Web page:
Thematic Areas: Youth Employment | Greening TVET | Access, Equity & Quality | TVET in a Digital World | Other Themes
Our Key Programmes & Projects: i-hubs: Skills for Innovation Hubs | YEM: Youth Employment in the Mediterranean | BILT: Bridging Innovation and Learning in TVET | UNEVOC TVET Leadership Programme | WYSD: World Youth Skills Day
Past Activities: TVET Global Forums
Our Services & Resources: Publications | TVeT Forum | Virtual Conferences | TVET Country Profiles | TVETipedia Glossary | Promising & Innovative Practices
Events: Major TVET Events | UNEVOC Network News
Despite the benefits of TVET on personal, professional and national development, it remains a relatively unattractive option to young people compared to, for example, academic education. Education systems in many developing countries, in particular, have TVET often placed as a second choice or "second rate" education.
World Youth Skills Day is an official UN Day (starting from 2015) and raises awareness about the importance of youth skills development. As part of its celebrations to mark the day, UNESCO-UNEVOC is organizing a virtual conference to discuss measures to improve the image of TVET and make it more attractive to young people.
At the end of this virtual conference, participants will be able to:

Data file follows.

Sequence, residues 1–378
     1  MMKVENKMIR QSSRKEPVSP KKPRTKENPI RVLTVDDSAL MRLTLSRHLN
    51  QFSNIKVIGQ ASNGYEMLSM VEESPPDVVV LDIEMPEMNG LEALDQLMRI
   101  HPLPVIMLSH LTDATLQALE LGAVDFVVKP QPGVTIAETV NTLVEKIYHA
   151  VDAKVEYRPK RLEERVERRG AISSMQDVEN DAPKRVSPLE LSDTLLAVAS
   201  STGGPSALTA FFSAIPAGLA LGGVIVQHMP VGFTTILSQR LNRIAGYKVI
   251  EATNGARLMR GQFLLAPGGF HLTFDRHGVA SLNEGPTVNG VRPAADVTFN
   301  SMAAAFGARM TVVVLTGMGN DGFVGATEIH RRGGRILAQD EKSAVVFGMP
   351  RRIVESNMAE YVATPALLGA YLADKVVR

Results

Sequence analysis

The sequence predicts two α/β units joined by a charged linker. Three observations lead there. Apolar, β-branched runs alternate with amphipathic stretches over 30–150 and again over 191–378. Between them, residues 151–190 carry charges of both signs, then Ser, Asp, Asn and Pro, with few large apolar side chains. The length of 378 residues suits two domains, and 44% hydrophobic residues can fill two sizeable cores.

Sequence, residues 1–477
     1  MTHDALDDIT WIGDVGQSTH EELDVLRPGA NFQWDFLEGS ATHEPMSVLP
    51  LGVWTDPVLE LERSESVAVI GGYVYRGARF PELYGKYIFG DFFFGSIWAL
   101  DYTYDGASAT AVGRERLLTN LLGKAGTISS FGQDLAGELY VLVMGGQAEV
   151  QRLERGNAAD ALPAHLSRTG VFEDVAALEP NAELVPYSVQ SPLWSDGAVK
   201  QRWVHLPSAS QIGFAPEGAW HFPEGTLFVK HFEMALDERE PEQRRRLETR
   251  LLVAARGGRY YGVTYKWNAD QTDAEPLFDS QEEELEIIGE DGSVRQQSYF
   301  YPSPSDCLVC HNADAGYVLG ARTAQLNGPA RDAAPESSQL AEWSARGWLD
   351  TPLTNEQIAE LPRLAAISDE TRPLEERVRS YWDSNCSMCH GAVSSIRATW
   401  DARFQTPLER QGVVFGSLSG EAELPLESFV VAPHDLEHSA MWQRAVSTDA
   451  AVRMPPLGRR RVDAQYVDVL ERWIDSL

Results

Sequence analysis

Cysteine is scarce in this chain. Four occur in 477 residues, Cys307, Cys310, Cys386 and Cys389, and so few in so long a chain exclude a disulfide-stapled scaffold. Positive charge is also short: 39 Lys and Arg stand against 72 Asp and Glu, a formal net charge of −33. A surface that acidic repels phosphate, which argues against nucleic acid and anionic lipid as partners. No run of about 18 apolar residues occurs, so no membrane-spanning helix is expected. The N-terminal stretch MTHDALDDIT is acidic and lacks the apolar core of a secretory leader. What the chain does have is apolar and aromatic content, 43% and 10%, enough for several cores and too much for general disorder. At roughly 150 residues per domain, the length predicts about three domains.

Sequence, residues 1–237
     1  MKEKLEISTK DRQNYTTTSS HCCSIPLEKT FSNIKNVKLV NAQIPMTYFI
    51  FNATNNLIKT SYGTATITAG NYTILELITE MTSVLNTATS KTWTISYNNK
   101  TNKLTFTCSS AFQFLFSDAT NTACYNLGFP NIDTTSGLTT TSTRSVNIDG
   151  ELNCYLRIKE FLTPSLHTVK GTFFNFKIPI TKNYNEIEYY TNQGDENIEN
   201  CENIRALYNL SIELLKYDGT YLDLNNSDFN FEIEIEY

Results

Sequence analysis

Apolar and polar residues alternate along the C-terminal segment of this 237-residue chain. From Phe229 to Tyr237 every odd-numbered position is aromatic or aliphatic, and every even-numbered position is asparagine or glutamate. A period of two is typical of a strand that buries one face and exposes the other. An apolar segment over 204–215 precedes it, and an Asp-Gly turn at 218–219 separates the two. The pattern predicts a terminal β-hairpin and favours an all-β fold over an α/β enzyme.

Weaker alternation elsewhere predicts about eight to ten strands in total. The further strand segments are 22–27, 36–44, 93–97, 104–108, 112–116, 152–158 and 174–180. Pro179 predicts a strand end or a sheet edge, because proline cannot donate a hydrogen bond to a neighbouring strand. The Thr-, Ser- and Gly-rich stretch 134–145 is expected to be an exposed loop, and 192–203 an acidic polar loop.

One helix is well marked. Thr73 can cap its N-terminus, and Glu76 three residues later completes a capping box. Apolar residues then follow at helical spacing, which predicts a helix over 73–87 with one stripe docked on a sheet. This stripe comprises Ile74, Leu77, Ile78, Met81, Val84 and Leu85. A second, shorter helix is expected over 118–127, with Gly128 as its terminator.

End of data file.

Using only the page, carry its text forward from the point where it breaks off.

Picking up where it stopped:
The virtual conference is founded on five topics. These topics will be ‘opened’ for discussion on the following days:
You will need to have a UNEVOC account to sign up. You can register for a UNEVOC account here.
The virtual conference will be in English. However, French and Spanish speaking participants can use the built-in translation feature to follow discussions and to contribute in their languages.
The virtual conference will be moderated by Dr Stephen Billett. Dr Billett is Professor of Adult and Vocational Education in the School of Education and Professional Studies at Griffith University, Brisbane, Australia, and a National Teaching Fellow and Australian Research Council Future Fellow. After a career in garment manufacturing, Dr Billett has worked as a vocational educator, educational administrator, teacher educator, professional development practitioner and policy developer in the Australian vocational education system and as a teacher and researcher at Griffith University. Since 1992, he has researched learning through and for work and has published widely in fields of learning of occupations, workplace learning, work and conceptual accounts of learning for vocational purposes.